it involves some sneaky shopping–the dried pork skin is hard to find and packaged looking like a flat sheet of dried up bubble packing material, and it’s labeled as “fish maw.” i’m afraid to ask why. the sheets are then soaked in water all day.
then he had to open up this jar of curry sauce.

he boiled the rehydrated pork skin with the sauce, water, chopped onions, thickly sliced daikon radish, and fish balls. he said that next time he would add the radish at the last minute so it wouldn’t disintegrate into the liquid.
yes, there will be a next time. it was delectable. #2 son, a great fan of fish balls and spicy XO flavored ramen noodles, couldn’t get enough. it felt sinful to eat the chewy pork skin but it was good over hot rice. straight up for husband.

the backyardigans

not food related (they eat healthy though).
this winter we have been stuck at home a lot, and trying not to watch too much tv is a bit of a challenge. but #2 son and i discovered this great new kids’ show…
the backyardigans: great music,with choreography!, funny stories, believable (!) cuddly cute but not saccharin sick characters who eat healthy snacks… today my son was grinning beatifically the whole time because the episode was about vikings. i have to find dvd’s or “tivo” it or whatever it is. i want more! (shown on the east coast daily 11 a.m. on nick jr.)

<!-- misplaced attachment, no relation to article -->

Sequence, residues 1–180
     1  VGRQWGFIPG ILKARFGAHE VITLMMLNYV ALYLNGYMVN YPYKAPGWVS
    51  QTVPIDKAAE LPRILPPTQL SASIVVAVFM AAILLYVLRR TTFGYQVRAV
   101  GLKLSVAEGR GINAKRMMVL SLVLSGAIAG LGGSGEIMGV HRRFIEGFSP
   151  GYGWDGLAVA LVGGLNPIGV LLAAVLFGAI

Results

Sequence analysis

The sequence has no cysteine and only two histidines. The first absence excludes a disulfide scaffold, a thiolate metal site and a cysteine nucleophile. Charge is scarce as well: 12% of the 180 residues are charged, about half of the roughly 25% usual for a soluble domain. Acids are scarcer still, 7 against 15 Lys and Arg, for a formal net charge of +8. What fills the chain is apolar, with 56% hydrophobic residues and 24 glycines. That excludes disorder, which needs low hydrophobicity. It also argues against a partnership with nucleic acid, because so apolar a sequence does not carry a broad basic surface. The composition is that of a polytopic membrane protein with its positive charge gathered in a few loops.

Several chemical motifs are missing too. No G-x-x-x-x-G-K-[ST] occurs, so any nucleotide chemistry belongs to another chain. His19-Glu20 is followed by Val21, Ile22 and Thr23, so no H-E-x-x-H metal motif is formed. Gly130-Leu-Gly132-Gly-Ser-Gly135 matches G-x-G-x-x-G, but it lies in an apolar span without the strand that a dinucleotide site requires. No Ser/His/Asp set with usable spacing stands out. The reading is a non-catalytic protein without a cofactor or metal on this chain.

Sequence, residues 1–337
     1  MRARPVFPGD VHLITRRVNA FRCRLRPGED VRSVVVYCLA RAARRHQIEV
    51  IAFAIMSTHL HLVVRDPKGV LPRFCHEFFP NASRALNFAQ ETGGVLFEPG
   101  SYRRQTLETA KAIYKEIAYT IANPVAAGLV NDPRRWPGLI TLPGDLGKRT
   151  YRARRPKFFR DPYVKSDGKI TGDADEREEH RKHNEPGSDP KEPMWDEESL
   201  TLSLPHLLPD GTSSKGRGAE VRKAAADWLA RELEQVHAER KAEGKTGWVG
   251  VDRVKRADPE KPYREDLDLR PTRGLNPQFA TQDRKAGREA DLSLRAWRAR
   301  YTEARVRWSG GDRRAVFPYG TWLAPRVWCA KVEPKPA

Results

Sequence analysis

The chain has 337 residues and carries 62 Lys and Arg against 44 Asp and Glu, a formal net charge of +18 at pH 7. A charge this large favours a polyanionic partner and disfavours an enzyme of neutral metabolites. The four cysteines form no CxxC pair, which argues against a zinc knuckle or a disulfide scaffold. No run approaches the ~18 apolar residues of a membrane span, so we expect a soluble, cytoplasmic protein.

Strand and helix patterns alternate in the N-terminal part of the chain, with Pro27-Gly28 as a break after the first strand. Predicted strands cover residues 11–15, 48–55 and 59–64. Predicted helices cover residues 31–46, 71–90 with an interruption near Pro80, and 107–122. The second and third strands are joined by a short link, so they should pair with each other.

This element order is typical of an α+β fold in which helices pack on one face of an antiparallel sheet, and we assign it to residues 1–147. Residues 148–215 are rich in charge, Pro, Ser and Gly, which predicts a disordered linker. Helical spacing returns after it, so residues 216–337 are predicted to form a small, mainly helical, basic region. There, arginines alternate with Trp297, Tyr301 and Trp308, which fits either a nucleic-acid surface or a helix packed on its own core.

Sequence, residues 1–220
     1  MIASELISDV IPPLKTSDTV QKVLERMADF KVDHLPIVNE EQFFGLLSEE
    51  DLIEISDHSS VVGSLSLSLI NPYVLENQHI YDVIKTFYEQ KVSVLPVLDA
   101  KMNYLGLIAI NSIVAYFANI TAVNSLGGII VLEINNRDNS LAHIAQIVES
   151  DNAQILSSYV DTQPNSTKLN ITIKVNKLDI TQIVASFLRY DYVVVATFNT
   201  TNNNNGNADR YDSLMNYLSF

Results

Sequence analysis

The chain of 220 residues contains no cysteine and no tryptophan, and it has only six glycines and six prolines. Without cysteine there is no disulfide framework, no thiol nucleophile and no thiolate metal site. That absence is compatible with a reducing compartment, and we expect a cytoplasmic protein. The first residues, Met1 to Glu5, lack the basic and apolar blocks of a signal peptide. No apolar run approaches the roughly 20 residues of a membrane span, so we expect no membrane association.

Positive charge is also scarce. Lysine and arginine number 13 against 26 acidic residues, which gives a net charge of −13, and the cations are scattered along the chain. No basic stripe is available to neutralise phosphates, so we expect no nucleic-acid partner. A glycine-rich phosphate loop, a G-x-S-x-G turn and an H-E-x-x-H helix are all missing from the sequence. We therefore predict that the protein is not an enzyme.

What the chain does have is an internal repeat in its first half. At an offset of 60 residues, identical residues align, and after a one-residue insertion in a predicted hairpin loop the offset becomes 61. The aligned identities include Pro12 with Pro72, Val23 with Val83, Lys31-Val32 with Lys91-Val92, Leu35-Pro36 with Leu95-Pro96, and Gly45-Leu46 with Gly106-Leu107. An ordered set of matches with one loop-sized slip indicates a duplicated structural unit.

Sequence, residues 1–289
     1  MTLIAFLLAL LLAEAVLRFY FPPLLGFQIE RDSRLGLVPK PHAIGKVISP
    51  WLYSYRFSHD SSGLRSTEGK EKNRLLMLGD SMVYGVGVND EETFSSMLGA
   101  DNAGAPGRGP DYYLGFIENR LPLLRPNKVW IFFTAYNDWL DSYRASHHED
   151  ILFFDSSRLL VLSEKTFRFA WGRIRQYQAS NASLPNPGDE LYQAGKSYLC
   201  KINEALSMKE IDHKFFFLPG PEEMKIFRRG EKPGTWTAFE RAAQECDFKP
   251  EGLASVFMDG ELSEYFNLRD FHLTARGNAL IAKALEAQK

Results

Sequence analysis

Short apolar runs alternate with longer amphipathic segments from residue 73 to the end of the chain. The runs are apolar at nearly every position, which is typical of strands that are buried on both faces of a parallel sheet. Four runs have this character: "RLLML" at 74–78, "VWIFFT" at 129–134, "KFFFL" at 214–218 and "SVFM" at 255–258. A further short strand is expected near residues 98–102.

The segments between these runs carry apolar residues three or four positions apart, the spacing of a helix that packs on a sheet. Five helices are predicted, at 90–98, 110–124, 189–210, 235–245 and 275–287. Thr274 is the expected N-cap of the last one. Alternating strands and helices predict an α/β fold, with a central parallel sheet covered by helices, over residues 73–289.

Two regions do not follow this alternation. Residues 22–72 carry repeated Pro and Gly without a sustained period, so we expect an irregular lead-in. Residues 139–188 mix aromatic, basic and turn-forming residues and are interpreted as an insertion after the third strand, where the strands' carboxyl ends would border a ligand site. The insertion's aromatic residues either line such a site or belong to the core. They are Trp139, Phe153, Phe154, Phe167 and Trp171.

(l-r) tyrone, tasha, pablo(our favorite), uniqua, and austin.

steamed golden syrup spongecake

from Gourmet magazine’s “all about london” issue, march 2005.

there’s a scene from the animated version of Raymond Briggs’ “father christmas”: this irascible santa is home from his grueling night, and he is setting a steamed pudding, wrapped up with cloth, on the stove top . i’ve been intrigued by it since, and did try a christmas one heavy with nuts and fruits and brandy. it was really delicious but quite rich and strong flavored. when i saw this recipe yesterday i just had to try it. like today. braving the snow and ice and cold trudging down the lane…ooops. wrong scene. i hunted down the lyle’s golden syrup in the international foods section and made this for today’s dessert (sssh. husband’s experimenting with his fishball/pork skin curry saute…we’ll see how it turns out.)
the recipe is here.

after an hour and a half of steaming, let “pudding” stand for 5 minutes…